The Special Files Unit was created in September 1972 to provide a central storage location for sensitive material. Early in 1970, John R. Brown III, Special Assistant to the President and Staff Secretary, conducted a review of the handling procedures for all Presidential papers. His report was contained in a memorandum to H.R. Haldeman, dated March 25, 1970. In it, Brown recommended the immediate establishment of a special files unit to handle the storage of all sensitive material, material of a personal nature, and material containing the President's handwriting. The consolidation of these files into a central location would, according to his recommendation, tighten up the procedures for handling Presidential papers. Two years later the Nixon administration acted on the recommendations by establishing a special files unit within the White House complex that was completely independent of the White House Central Files unit. To ensure the utmost security, the number of individuals who worked in the Special Files Unit was intentionally kept at a minimum. Gertrude Brown Fry, Staff Assistant for Security, was appointed to supervise the new White House unit. Her Assistant was Hazel F. Fulton, who had been a confidential assistant to Peter M. Flanigan, Assistant to the President. Prior to the establishment of Special Files, much of the sensitive materials generated by the White House staff was not forwarded to the White House Central Files for general storage, but it was dispersed throughout the White House complex and held by individual staff members in their own offices. Following the decision to set up Special Files, John W. Dean III, Counsel to the President, instructed Fry and Fulton to receive, index, and file all sensitive White House staff materials. They were also provided criteria to use in making determinations about items to include in Special Files. Under the criteria there were twelve groups of files that warranted special care and handling: investigative reports on individuals; applications and recommendations for positions; documents that contained derogatory remarks concerning the character, loyalty, integrity, or ability of individuals; documents relating to personal, family, or financial affairs of individuals; documents that contained information which could be used to harass living persons or relatives of recently deceased persons; information prejudicial to the national security; information prejudicial to foreign relations; communications addressed to the President in confidence, the immediate publication of which would result in discouraging confidential communications to the President in the future; documents that pertained to the President's personal, family, business, and financial affairs; security classified information; documents specifically restricted by the President; and politically sensitive information or documents. With these instructions Fry proceeded to set up, organize, and manage the Special Files. The first materials received by the new White House unit were the President's handwriting files and the files of the Staff Secretary. Fry and Fulton also began to review the Confidential Files in the White House Central Files, including the subject files and retired files of White House staff members, to determine which documents should be removed and placed in the Special Files. Furthermore, it was decided to continue the same arrangement scheme used by the White House Central Files unit rather than to devise a new filing system for Special Files materials. A cross-reference card was prepared for use by the White House Central Files unit to indicate the new location of withdrawn items in Special Files. This practice, however, was not always done as time passed. It was the intention of the Special Files Unit that each senior White House staff member would send sensitive materials to Special Files for storage and exclusive retrieval by the staff member. In practice, however, Special Files did not receive sensitive materials from many top staff members. When staff members did resign their appointment or left the White House staff, the Special Files Unit received all their files and reviewed them for items that met the specified criteria for sensitivity and inclusion in Special Files. All nonsensitive materials were subsequently forwarded to the White House Central Files for general storage. If the Special Files Unit did not receive a large quantity of sensitive materials from a particular staff member, but only a few folders, these folders were placed in the file group known as Special Staff Files. Although Special Files was a development of the Nixon administration, it did not immediately end with the resignation of President Nixon on August 9, 1974. The Special Files Unit continued to operate for an additional eleven months by serving the needs of the Ford White House staff. On June 23, 1975, the Ford administration abolished Special Files, and all sensitive materials in its custody were transferred to the Confidential Files of the White House Central Files.

    Scope and Content of Collection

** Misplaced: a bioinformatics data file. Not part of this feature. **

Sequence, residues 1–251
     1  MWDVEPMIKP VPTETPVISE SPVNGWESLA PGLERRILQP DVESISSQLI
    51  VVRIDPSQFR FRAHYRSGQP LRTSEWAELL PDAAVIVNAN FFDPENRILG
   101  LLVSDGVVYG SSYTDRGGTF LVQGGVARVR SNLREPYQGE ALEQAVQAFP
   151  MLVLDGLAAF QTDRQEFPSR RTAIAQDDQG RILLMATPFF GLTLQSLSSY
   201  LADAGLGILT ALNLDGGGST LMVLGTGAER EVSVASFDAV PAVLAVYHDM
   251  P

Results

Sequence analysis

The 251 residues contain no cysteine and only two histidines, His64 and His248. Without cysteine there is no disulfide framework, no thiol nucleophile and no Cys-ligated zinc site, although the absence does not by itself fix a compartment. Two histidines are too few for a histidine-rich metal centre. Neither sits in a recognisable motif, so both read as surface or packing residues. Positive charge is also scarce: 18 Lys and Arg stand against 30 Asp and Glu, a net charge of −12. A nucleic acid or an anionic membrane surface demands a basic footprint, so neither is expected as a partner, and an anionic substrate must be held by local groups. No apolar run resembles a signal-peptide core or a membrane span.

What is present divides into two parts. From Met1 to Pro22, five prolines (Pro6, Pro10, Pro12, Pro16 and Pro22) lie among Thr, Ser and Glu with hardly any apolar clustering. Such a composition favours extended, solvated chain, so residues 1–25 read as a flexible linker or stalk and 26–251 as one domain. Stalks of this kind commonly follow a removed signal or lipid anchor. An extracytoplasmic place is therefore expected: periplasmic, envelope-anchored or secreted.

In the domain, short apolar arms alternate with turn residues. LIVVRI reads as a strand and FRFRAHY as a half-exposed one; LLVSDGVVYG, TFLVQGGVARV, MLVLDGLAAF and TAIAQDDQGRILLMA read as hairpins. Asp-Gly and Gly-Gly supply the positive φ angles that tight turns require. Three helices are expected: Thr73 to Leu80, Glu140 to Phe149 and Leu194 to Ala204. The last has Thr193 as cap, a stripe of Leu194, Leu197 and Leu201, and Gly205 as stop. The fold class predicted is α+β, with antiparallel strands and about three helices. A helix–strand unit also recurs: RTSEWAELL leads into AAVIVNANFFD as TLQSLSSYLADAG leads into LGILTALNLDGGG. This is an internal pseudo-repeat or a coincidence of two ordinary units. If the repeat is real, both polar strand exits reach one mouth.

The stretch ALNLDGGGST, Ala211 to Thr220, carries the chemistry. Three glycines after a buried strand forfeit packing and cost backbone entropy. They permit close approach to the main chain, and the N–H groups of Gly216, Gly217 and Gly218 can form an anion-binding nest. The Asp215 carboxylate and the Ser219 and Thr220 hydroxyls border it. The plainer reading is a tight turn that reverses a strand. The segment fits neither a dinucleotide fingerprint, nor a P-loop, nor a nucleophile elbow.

During the course of its normal operations, the Special Files Unit selected and eventually received quantities of folders from some White House staff members that required special care and handling. The Special Files Unit created the file group, Special Staff Files, to accommodate those folders for which there were no other materials in the Special Files already attributed to a particular staff member. This file group consists of materials from 18 staff members. Primarily these files came from the White House Central Files Confidential Files and are cross-referenced in those files. When the Special Files were examined prior to archival review, the archivist determined that several folders attributed to a particular staff member should be transferred to existing large file groups in Special Files rather than be retained in the Special Staff Files. A record of the transfer appears in the folder title listing. The remaining folders, consisting of a single name series, were arranged alphabetically by surname of the White House Staff member. The materials are arranged into one series: Name Files. Material in the folders have little relationship to each other in general and represent a broad range of subjects. On the subject of foreign affairs and national defense policy, there are files of telegrams supporting the U.S. position in Vietnam, a study of classified documents relating to the crisis in the Dominican Republic, and material concerning the Pentagon Papers controversy. Several folders contain information about the activities of agencies, such as the Post Office and the General Services Administration. Two staff members were involved in explaining governmental support for Presidential properties, and the content of their folders reflect this activity. All of the files from Frank Herringer pertain to efforts by the Nixon Administration to stop or to contain improper disclosures of information or "leaks" from agencies or the White House staff to the press. There are also a few folders concerning the Watergate case as well as other political campaign activities, including scheduling and advance work. Some folders contain information on Presidential meetings with Congressman, the Domestic Council, Jewish leaders, and civic groups. The issues of desegregation and busing legislation appear in few folders. In April 1973 Tom Lias received two boxes of correspondence from George Bush, U.S. Representative to the United Nations, covering the period March 1971-December 1972. They were was turned over to the Special Files unit, classified IT64 International Organizations-United Nations, and placed in the Special Staff Files-Sensitive Files. These correspondence files consist primarily of original incoming letters, petitions, and resolutions from the general public; school classes; civic, cultural, religious, and ethnic organizations; city and state Councils and legislatures; and a few U.S. senators addressed to George Bush, Sr. These letters are attached to copies of his outgoing letters. The materials also include an entire box of USUN Classified Summary Cables, dating from March 1971 to January 1973. In addition, there are many newspaper clippings and magazine articles. A great variety of topics are covered in these materials with expressions of either support or condemnation of positions taken by George Bush as U.N. respresentative. Several letters show confusion about the power of the U.N. over U.S. policy, particularly in regard to Vietnam. There are numerous letters voicing concern over U.S. financial and economic support of Communist regimes through U.N. organizations such as UNICEF. An increasing number of letters show concern over the growth of acts of terrorism such as the killing of the Israeli athletes at the Munich Olympics, the attack at the Lod airport, and the fighting in Northern Ireland. Numerous letters pertain to the plight of Soviet Jews. International conflicts such as the Bangladesh-Pakistan war and the Israeli invasion of Lebanon caused citizens and organizations to write to Representative Bush to express their concern or to demand action. Several letters comment on the treatment of blacks and the government of South Africa, the treatment of individuals of other ethnic origins by Gen. Idi Amin of Uganda, and the treatment of Puerto Rico by the U.S. A sizeable portion of correspondence deal with the seating of the People's Republic of China and the removal of Nationalist China from the U.N. The Staff Member and Office Files of the White House Central Files contain additional materials for the following individual: William Rhatican.